Click here to view the full story

I Can't Put My Phone Down and It's a Problem

I Can't Put My Phone Down and It's a Problem

I don’t know about you but I think I may need an intervention.

I often put down my phone with the express intention of working on/doing something that doesn’t involve me using my phone at all and then, usually without realizing I’m picking it up, the phone is in my hand and I’m scrolling through social media or playing a game on the device while I was supposed to be focusing on something else.

Read More

College Admissions as a Competitive Sport

College Admissions as a Competitive Sport

College Admissions as a Competitive Sport

Children (and their parents) today start thinking about college at increasingly early ages.

It used to be that discussions about college didn’t come up (besides those related to college sports) until high school and then often not until the 10th or 11th grade.  Today, I hear parents and students talking about college in upper elementary school and certainly in middle school.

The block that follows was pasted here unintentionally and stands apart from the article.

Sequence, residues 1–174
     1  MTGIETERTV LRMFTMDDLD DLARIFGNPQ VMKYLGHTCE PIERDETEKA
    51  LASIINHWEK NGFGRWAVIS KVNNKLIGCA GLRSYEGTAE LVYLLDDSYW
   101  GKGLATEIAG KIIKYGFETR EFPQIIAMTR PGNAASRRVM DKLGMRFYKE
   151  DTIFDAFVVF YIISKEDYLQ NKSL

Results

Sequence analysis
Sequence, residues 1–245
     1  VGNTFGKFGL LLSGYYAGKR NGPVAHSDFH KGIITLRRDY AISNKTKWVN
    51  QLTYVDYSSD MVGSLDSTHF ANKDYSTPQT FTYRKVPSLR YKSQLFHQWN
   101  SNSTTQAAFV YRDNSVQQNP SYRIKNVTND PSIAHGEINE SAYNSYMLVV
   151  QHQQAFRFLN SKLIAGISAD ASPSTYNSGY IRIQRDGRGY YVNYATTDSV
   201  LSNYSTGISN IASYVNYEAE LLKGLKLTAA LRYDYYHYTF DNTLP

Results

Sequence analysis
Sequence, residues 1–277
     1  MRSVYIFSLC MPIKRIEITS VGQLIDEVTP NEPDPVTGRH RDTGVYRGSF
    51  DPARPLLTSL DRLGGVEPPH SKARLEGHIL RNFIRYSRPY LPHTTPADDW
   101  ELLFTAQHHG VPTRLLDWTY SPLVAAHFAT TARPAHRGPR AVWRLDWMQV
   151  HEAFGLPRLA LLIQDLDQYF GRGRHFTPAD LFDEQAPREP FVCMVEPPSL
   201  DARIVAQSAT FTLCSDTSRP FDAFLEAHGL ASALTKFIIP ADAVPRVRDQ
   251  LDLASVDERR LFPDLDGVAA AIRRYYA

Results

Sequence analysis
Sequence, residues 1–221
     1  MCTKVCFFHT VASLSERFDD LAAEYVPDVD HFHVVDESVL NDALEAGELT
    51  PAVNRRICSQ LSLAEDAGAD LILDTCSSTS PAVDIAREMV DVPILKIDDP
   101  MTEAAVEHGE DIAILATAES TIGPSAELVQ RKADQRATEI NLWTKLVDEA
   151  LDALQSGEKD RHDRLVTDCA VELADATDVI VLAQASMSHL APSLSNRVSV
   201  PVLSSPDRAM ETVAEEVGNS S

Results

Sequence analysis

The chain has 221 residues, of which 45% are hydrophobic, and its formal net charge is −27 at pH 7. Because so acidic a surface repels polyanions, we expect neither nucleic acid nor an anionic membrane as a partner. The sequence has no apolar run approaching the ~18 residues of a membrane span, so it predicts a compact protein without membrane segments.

Read More

Promposals Aren't Just About Getting a Date

Promposals Aren't Just About Getting a Date

It's Almost Promposal Season. Brace Yourselves.

If you aren't a teenager (or the parent of a teenager) then you probably haven't heard about promposals.  Now that spring is in the air, promposals are all over social media.  It's not enough today to just ask a date to prom, a prom invitation has to be inventive, attention-getting, and worthy of posting on social media.  Visa conducted a survey and found that on average, promposals cost $324 which is about a third of the total average cost of $919 spent on prom in 2015.

Read More

College Applications Complete? Don't Get Too Comfortable

College Applications Complete? Don't Get Too Comfortable